As a society it appears that with greater wealth we have wanted to consume more of the goods like education and health care that have relatively slow productivity growth. Thus, preferences have magnified the Baumol effect.

Next week, I will wrap up the discussion by explaining some features of the data that the Baumol effect fits much better than do other theories.

Addendum: Other posts in this series.


One of the most reasonable theories. AND it's understandable at a basic level.
Thank you!

Yes! A terrific post. Thank you.

It seems that the "Baumol Effect" is only "valid" in some countries while others are immune.

Not really. Medical spending per country is pretty well explained by how well off the country is and doctors salaries relative to other high earners in each country are pretty constant. Doctors make a top 95-99th% salary in most countries which is consistent with the Baumol Effect

A part of that is government-mandated rent-seeking though. If people didn't require prescriptions to buy substances they know and want, demand for doctors' time would be lower. The medications themselves are often comparatively cheap.

Yes but people would probably find places to spend the money. Consider how people with buy organic food with very little evidence that it helps their health, it's the same with supplements etc..

Nah. Mexico, for instance had basically unregulated prescriptions until the 80s and still has pretty weak restraints on what prescriptions to buy.

The average Mexican doc makes around $45,000 per annum compared to average wages of $17740. This works out to be about the same proportion as us doc wages to average wage. I would submit that most of the difference has to do with the fact that Mexican docs start training straight out of high school and have many options to finish training in less time than Americans.

What we do not see is a major relative decline in physician wages just because Mexico has and used to have even more loose prescription regulation.

Thing is that medical spending in the US is even higher than in countries where average wages are higher than in the US.

The increase in wages also does not explain why education costs increased so much since 1960 as real salaries of teachers and professors increased by about 20-40% while education costs increased 200%.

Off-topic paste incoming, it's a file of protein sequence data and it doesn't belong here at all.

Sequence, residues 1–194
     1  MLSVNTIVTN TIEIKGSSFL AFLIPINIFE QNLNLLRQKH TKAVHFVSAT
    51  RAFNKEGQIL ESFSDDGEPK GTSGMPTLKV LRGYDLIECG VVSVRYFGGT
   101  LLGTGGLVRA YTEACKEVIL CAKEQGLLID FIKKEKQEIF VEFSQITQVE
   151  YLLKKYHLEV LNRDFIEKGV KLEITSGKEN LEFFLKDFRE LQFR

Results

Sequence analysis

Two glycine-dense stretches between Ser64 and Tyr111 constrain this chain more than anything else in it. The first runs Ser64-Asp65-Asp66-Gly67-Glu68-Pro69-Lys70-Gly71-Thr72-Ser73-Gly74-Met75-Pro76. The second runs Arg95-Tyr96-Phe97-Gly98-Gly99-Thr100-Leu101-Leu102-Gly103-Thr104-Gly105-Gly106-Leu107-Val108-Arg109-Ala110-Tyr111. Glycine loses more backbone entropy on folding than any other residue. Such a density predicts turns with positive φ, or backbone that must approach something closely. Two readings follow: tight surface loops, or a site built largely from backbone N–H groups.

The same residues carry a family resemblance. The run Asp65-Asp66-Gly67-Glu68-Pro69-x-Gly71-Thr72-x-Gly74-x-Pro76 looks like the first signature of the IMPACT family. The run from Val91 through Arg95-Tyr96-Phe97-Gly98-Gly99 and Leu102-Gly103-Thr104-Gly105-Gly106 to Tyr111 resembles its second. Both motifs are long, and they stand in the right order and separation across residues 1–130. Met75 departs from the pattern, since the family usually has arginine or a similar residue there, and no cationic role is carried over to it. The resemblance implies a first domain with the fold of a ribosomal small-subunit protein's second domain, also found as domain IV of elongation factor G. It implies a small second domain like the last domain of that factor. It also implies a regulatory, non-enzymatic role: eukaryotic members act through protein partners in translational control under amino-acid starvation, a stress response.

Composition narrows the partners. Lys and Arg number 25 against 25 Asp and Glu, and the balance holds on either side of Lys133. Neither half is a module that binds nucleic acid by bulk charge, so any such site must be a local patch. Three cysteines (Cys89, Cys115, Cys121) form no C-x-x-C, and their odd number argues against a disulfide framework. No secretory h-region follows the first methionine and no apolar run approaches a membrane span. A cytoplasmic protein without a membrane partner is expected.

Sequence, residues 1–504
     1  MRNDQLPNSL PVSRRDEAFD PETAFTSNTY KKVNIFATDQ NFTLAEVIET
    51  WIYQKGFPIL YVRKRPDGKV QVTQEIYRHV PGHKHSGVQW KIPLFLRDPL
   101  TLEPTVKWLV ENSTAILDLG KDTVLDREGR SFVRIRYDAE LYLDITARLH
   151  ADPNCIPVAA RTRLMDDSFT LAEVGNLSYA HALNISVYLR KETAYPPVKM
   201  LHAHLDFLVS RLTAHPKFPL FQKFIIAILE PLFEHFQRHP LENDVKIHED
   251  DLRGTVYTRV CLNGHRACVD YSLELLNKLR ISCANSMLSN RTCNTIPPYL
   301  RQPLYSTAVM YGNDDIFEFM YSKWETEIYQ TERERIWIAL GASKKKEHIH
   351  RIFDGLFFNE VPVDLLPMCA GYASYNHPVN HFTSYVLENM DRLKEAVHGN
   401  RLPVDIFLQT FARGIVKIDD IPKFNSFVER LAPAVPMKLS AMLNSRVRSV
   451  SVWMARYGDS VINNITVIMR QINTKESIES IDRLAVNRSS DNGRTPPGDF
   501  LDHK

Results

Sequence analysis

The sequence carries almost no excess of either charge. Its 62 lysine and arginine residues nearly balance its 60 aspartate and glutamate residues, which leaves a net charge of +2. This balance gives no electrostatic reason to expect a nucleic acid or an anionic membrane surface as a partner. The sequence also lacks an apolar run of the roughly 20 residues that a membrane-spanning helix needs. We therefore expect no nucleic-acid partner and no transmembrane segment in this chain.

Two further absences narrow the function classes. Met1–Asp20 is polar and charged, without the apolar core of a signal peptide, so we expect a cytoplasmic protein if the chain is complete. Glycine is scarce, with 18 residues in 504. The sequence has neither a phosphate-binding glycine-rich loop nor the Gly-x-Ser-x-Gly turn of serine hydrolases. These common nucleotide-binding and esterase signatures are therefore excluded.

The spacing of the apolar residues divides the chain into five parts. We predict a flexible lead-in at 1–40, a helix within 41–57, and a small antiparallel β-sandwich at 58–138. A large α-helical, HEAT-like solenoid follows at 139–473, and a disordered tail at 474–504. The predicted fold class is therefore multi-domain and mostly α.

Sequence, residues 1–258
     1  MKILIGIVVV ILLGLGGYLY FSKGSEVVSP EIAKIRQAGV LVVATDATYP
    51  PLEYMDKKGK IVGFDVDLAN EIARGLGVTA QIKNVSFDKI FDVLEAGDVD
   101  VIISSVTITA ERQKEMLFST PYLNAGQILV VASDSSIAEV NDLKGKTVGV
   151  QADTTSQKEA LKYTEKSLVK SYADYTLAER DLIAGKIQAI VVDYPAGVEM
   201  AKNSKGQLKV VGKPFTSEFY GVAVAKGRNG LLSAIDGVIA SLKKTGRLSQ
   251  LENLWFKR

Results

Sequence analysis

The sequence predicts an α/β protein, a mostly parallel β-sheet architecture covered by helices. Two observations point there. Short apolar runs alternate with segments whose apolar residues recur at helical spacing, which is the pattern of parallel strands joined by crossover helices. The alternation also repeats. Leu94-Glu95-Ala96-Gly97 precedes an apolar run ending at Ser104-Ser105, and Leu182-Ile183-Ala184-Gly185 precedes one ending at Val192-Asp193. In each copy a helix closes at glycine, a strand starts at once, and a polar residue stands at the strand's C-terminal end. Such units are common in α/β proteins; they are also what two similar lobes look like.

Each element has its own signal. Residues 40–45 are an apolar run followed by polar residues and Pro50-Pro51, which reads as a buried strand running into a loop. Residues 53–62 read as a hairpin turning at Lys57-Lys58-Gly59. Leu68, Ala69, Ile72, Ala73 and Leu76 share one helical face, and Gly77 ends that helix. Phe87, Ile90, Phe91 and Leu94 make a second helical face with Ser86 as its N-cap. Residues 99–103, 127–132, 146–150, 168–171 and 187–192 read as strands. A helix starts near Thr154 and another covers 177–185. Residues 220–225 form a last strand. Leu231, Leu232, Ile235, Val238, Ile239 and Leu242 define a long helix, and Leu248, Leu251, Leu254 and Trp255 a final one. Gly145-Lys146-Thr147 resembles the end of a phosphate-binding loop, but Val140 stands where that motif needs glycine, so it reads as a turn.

A huge number of students get "cheaper" book learning instead of more costly "trade" learning. Schools even when I was young, the 60s, provided vocational training for half the students, even those who attended local colleges of ppractical arts.

I took shop as a boy, girls home ec, with some classes in common. These classes are costly, both in instructors, and in capital. In general, finding instructors is very hard because they did not attend college long enough to get a 4 year degree, much less teaching certification. But the capital costs were high, and would be much higher today: sewing machines, stoves, frigs, etc, and wood working shops,, metal working shops, electronics labs.

Cutting costs required forcing every kid to be headed to college, or they have no future post high school.

But even preppingg kids for college has suffered to cut costs. I mixed real chemicals, cut up real dead animals, etc, in very capital intensive labs on the college track. And my high school chemistry teacher knew many of us paid attention because were wanted to make things go bang. Of course, in a farming community and where construction was big, explosives work was a profession.

Basically, cutting costs ends up lowering quality and increases the costs of remedying the quality problem: not every high school student gets passed onto a college, and those that don't aren't useful to employers straight out off high school.